At present there are no fully realized and empirically viable modified gravity theories that explain the observed level of cosmic acceleration. The constraints on f(R) models now force them so close to GR that they cannot produce acceleration without introducing a separate dark energy component [18]. The DGP model is empirically ruled out by several tests, including the expansion history, the integrated Sachs-Wolfe effect, and redshift-space distortion measurements of the structure growth rate[19]. The elimination of these models should be considered an important success of the program to empirically test theories of cosmic acceleration. However, it is worth recalling that there was no fully realized gravitational explanation for the precession of Mercury's orbit prior to the completion of GR in 1915, and the fact that no complete and viable modified gravity theory exists today does not mean that one will not arise in the future. In the meantime, we can continue empirical investigations that can tighten restrictions on such theories or perhaps point towards the gravitational sector as the origin of accelerating expansion.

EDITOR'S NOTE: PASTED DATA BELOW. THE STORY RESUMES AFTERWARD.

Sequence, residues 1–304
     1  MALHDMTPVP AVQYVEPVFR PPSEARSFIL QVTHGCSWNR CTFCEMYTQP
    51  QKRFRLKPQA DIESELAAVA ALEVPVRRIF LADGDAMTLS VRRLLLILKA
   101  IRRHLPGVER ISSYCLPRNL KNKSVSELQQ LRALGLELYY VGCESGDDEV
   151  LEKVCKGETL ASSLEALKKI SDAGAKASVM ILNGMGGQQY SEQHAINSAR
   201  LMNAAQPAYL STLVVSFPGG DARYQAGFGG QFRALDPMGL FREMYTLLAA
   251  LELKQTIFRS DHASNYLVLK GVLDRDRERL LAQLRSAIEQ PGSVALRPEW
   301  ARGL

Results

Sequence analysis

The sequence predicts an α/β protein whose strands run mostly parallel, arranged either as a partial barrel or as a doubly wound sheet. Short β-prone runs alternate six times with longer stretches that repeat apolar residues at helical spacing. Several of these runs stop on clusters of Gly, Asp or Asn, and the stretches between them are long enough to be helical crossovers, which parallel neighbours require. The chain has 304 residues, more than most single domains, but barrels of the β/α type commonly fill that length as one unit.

2.2. Expansion History and Growth of Structure

The main line of empirical attack on dark energy is to measure the history of cosmic expansion and the history of matter clustering with the greatest achievable precision over a wide range of redshift. Within GR, the expansion rate H(z) is governed by the Friedmann equation (see the articles on Big Bang Cosmology and Cosmological Parameters—Secs. 19 and 21 in this Review). For dark energy with an equation of state w(z), the cosmological constant contribution to the expansion, ΩΛ, is replaced by a redshift-dependent contribution with the evolution of the dark energy density following from Eq. (19.10),

Equation 1


where the second equality holds for constant w. If Ωm, Ωr, and the present value of Ωtot are known, then measuring H(z) pins down w(z). (Note that ΩDE is the same quantity denoted Ωv in Sec. 19, but we have adopted the DE subscript to avoid implying that dark energy is necessarily a vacuum effect.)